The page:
Approaches to adult behavior modification:
Reinforcement: Create a consequence for the behavior that makes it more likely to happen in the future.
Example: I really hate writing assignments, but I should do them to get good grades. So I keep a bowl of M&Ms at hand while I write. Every time I feel the temptation to quit writing, I resist the temptation by writing down another phrase. Then I reward myself with an M&M. This technique causes me to spend more time writing, and even feel better about it. After a few months of using this technique, the temptation to give up has lessened drastically. I also don't dread writing anymore.
Extinction: Remove the benefit of a current behavior so that the behavior stops. (It will sometimes increase at first, before it dies away.)
Example: I have a habit of turning off my alarm in the morning, then rolling over and falling back asleep. I do it because in the short-term, it feels better to lay in my comfortable bed than to get up and start my morning. So I move my alarm clock away from my bed and increase the volume. Now it is NOT comfortable to lay in my bed in the mornings - the irritating alarm keeps buzzing until I get out of my bed to turn it off.
The first few days, I'm furious about this new alarm. I try to roll over, put a pillow over my head, ignore the noise... but it doesn't work. It just doesn't feel good to lie in bed anymore. (In other words, my attempts to do the oversleeping-behavior increase at first, but then they decrease.) So I develop a new habit of getting up on time in the morning.
Punishment: I'm not going to explain it here because it's far less effective than most people think. We have a variety of cognitive biases that make us think punishment is an effective way of changing what other people do. Every day, we don't notice all the times that people (including ourselves) fail to respond well to negativity. Instead, we focus on the comparatively rare occasions when punishment does succeed, even if only temporarily.
Example of failed punishment: In the mornings, I used to think negative thoughts about myself when I would oversleep. But it didn't stop me from oversleeping, whether it was a mild comment like "I shouldn't be doing this" or a really harsh one like "I'm such a lazy, worthless fuckup." A therapist pointed out to me that punishing myself every time I overslept was clearly not working, and suggested that I try the extinction technique mentioned above.
I won't give examples for the next few. I could rationalize something like "they don't need examples," but really the truth is that I'm in a hurry.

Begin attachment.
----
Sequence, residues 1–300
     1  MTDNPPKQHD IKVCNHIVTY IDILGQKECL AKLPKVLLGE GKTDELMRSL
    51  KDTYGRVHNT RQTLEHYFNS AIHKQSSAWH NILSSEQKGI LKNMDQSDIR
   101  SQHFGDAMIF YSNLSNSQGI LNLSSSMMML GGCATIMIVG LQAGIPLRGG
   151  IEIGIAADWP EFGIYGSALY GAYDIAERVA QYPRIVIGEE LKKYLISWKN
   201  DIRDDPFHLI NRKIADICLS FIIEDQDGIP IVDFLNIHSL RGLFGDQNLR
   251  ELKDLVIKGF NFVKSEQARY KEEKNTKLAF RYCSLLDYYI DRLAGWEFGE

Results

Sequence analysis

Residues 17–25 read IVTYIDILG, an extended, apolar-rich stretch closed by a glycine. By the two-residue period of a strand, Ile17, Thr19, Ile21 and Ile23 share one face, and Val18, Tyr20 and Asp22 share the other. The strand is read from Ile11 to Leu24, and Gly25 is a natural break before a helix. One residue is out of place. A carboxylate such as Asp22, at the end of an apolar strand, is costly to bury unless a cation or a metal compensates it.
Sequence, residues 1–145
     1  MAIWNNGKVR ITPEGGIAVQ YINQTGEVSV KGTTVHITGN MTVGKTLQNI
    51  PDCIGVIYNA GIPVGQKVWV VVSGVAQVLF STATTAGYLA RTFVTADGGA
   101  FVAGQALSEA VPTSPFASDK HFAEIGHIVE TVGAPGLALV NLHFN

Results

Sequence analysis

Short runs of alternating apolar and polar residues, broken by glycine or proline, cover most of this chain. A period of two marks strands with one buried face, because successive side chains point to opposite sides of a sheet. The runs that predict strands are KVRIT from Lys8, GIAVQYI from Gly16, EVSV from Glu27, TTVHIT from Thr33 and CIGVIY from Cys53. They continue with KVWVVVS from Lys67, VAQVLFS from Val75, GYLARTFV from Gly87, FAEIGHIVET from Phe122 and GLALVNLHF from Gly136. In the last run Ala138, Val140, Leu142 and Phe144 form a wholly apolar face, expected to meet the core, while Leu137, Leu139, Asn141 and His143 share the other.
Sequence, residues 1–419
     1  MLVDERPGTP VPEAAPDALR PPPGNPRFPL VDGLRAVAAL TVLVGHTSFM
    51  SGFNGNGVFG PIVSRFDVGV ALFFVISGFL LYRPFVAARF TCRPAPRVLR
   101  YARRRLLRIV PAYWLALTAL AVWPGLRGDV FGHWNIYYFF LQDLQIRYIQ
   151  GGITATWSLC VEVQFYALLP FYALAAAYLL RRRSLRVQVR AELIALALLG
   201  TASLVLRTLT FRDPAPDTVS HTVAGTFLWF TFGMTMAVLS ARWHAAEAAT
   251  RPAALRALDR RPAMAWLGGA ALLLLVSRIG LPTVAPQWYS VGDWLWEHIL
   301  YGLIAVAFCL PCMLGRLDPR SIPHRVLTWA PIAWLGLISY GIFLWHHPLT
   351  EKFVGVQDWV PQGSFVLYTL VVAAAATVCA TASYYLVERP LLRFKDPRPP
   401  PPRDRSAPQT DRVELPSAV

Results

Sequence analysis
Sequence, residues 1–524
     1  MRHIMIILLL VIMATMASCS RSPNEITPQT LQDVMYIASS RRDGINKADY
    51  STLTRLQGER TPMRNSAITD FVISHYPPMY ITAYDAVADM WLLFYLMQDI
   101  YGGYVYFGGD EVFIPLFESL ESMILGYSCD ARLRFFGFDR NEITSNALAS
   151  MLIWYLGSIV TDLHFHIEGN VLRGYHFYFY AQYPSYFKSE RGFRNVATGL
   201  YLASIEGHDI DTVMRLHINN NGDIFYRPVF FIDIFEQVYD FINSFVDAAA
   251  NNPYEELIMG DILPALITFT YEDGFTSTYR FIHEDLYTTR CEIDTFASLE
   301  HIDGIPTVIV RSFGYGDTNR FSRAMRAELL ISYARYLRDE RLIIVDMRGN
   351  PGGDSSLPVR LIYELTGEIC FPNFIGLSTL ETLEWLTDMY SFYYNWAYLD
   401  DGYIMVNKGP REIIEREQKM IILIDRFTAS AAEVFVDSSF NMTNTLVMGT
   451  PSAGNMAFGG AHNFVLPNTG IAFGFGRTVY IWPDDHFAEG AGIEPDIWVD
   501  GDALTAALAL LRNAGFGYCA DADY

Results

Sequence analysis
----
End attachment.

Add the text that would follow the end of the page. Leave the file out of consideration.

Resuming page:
Cognitive restructuring: Examine your expectations about a task. Do you believe that "it's miserable" or "I can't stand it" or "it's not worth the effort?" How about "I don't feel like it" or "I'm not motivated?" Test these out. Before you do a task, write down how miserable or unmotivated or drained you expect yourself to be. A scale of 0-10 is a good way to rate things like this.
Do the task anyway, and then at the end, write down how miserable/unmotivated/drained you actually are. Compare the two. A shockingly high proportion of the time, you will find that tasks aren't nearly as bad as you told yourself they would be. Thus, you find that you're actually more miserable while worrying about unpleasant tasks than while doing them, and you feel more optimistic about getting things done.
Lowering the difficulty: Cut a deal with yourself. Promise that you will do something, even if it sucks, for just ten minutes. (You should have a watch, cell phone, or timer so you can measure the ten minutes.) Chances are, you can handle ten minutes of even the suckiest task. (If not, lower the time limit to something you can handle. Never be afraid to lower the difficulty "too far" because any short period of time spent doing something is better than time spent avoiding it. Do 1 minute if you have to.) At the end of the time limit, you are free to quit. Sometimes, you will be happy to quit, and you'll also feel glad that you got something done during the time period when you worked. Other times, you might find out that finishing the job isn't as unpleasant as avoiding it further, and you'd rather keep working until it's finished. Either way, you did something more productive than ruminating over how much it sucks.
Finding motivators: Do you feel unmotivated to do something unpleasant? Well, that's to be expected. Especially if you're spending mental energy thinking of how much the task sucks. That mental energy is, of course, wasted. (If you've ever done mindfulness practice, you may notice that your posture literally wilts once you think a complaining thought about a task you don't look forward to. Your muscles physically weaken, as does your willpower.) So redirect your mental energy to thoughts that bring you energy and motivation, instead of thoughts that bring fatigue and anxiety. Think about the benefit of finishing something. Imagine yourself being proud of accomplishing it, or relieved to cross it off your to-do list, or reaping the benefits from the task. (e.g. if you don't feel like driving to the grocery store, imagine yourself eating some delicious food you could buy there.)
There are many more approaches, but this is a good overview of the basics.
Edited by jadamgo, 16 April 2012 - 08:42 PM.